The hon. Lady the Member for Tyne-mouth (Dame Irene Ward) talked of the 10s. widow. It was argued that this was a weakness in our scheme. This is not so because the point about the 10s. widow is that she was not entitled to a pension under the 1948 Act, but her pension right has been safeguarded by the Insurance Acts introduced between 1912 and 1948. She was covered by these Acts and entitled, in the name of social justice apart from anything else, to the increase given her in November, 1964. She had been ignored for a very long time by the party opposite. I believe—and I am sure that I take the Liberal Party with me in this—that the contributory factor must be maintained. If it is not maintained, those who have paid into the scheme over a considerable number of years will have a very justifiable grievance. It is very important that this should be noted.
The Bill is alleged to deal with 225,000 people. But there are half a million people in similar circumstances who would be left out. Is it right merely to deal with a fragment and to forget twice as many? Once we begin to do this, goodness knows where it will end. There are people who do not have an insurance pension as of right and people who have a reduced pension. If we are to take note of the people mentioned in the Bill, we must take note of the other half a million people.
Half of the 225,000 people affected by the Bill are already receiving National Assistance. I have said that the Government have gone a long way to raising the level of National Assistance. Not only by her own actions, but by the actions of the officials of her Department throughout the country, including my constituency, my right hon. Friend the Minister has made National Assistance more humane. Her officials are searching out need and are doing their utmost to alleviate it. This is positive proof that we have a Labour Government and not a Tory Government and that they are concerned with people and feelings and with the old, aged and sick. But, instead of talking about them, the Government are doing something about them. We believe in action, not words.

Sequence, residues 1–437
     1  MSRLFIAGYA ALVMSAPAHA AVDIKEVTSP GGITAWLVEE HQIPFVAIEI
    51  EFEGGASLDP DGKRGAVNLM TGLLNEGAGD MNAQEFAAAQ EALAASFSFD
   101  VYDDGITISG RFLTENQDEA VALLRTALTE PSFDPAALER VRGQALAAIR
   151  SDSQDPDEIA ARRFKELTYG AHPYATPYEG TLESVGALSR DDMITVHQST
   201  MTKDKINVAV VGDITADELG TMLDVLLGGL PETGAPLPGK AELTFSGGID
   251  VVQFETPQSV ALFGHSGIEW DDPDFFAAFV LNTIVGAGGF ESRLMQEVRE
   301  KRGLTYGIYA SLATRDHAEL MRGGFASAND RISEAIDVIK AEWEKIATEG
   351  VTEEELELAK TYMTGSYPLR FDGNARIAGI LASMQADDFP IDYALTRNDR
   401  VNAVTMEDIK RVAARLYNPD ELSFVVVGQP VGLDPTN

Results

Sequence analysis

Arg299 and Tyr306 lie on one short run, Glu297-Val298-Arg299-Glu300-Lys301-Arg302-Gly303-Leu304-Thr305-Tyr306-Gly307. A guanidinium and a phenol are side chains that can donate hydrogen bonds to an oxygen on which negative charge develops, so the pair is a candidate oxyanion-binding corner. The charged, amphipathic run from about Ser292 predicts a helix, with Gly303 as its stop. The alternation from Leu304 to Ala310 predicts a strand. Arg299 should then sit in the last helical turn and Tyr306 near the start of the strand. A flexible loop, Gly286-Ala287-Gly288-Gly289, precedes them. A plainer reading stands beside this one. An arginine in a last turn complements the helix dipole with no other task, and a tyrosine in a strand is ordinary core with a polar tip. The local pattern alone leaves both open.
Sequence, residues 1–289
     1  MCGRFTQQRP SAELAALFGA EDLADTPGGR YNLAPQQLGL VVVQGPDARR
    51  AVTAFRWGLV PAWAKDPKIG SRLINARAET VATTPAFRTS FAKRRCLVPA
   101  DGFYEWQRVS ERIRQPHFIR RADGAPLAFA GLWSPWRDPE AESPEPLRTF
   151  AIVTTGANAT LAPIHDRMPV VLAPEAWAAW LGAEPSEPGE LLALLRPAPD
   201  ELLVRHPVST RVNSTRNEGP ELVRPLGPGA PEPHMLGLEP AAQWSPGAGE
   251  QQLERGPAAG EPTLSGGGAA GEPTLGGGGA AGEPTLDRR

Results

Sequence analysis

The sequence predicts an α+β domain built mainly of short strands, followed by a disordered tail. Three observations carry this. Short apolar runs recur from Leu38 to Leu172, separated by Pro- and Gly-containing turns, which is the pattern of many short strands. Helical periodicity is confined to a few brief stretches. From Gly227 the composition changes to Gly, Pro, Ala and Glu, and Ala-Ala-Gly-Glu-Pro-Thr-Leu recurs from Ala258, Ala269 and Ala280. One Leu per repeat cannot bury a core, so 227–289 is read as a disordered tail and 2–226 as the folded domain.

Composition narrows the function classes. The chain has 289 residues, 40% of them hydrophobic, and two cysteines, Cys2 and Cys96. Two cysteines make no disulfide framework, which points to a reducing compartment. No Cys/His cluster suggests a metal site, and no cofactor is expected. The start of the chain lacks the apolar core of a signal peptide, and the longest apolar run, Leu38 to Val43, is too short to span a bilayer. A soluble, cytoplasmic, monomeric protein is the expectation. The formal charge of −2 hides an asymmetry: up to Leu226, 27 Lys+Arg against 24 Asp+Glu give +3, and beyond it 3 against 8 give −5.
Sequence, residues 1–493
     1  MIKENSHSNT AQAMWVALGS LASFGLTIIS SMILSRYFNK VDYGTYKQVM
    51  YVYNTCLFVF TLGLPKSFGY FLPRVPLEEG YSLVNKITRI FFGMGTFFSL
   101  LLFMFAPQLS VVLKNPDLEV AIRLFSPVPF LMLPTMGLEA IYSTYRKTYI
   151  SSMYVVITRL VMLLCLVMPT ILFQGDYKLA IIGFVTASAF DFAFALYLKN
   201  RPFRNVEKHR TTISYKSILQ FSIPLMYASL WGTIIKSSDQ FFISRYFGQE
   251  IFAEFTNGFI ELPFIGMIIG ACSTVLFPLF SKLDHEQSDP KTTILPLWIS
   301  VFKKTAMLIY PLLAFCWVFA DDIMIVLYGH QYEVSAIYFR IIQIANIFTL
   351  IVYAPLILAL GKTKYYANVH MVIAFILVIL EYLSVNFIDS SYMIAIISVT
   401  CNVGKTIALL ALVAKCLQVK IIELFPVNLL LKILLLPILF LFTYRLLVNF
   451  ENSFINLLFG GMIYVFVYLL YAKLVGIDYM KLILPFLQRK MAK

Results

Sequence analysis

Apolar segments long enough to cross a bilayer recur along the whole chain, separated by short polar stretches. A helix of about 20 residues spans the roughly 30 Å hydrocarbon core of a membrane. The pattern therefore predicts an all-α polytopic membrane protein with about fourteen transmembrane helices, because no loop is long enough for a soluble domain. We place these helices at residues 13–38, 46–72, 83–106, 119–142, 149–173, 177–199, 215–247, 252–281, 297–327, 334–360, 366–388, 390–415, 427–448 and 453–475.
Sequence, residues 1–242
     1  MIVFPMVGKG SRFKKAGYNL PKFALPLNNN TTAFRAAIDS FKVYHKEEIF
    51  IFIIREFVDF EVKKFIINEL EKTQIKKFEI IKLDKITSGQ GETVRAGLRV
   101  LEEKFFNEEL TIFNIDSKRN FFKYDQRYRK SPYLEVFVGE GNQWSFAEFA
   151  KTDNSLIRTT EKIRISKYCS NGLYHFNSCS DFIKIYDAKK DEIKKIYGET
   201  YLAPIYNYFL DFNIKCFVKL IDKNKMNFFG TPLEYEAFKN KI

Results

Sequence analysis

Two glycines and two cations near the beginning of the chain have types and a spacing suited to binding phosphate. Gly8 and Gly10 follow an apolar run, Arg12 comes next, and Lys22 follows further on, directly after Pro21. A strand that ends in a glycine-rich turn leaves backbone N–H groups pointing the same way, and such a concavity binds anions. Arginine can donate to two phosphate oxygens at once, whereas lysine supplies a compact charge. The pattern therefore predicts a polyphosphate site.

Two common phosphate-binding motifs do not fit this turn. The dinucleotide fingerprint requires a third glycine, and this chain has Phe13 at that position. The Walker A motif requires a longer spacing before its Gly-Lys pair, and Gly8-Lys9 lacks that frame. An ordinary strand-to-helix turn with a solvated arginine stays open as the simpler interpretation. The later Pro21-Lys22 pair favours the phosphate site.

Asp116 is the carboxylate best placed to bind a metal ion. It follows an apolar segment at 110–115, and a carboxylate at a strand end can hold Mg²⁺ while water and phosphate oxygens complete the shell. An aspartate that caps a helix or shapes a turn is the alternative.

Not only did we legislate in 1964 in terms of social security and increased benefits, but our recent Ministry of Social Security Bill is a tremendous landmark along the road of social justice. We seek to raise above subsistence level people who have been so long neglected. Under the new scheme, the disregard for savings will entitle people who have as much as £2,000 or £2,500 in the bank to benefit. The Government have taken positive steps in a period of 20 months. This all points to the fact that we have a Government in power who really care.
It does not stop there. We are helping in a positive way the people mentioned in the Bill, not only by the concessions which the Chancellor of the Exchequer has given in higher Income Tax relief, but by the rate rebate scheme introduced by the Ministry of Housing and Local Government, which is designed to assist people at the bottom end of the scale who find rates an onerous burden on them. All these measures, from virtually every Department of State, could have been introduced if hon. and right hon. Members opposite had thought about them.
We cannot measure human life, happiness and decency in terms of cost. I am not prepared to argue that the cost of an old person living decently must be measured against a particular item I am more concerned with people and that they should enjoy a decent standard of living and the full fruits of their labour rather than that they should have to eke out a miserable existence, which they would have had to do if the Conservative Party had remained in power.
There is no comparison between the policies and programmes of the Government and the Tory Party's record. We are clearly demonstrating, and we have made it abundantly obvious, that the Government care for the old, aged, sick, weak and infirm far more than hon. Members opposite. But, instead of bringing forward pious Bills and making heartrending speeches which have no substance in fact, we are getting on with the job. If it comes to a vote, I urge the House to remember the wonderful work being done by the Ministry of Pensions and National Insurance to bring all its schemes to fruition. With the other Measures we have laid before the House, we shall take care of and look after the people mentioned in the Bill.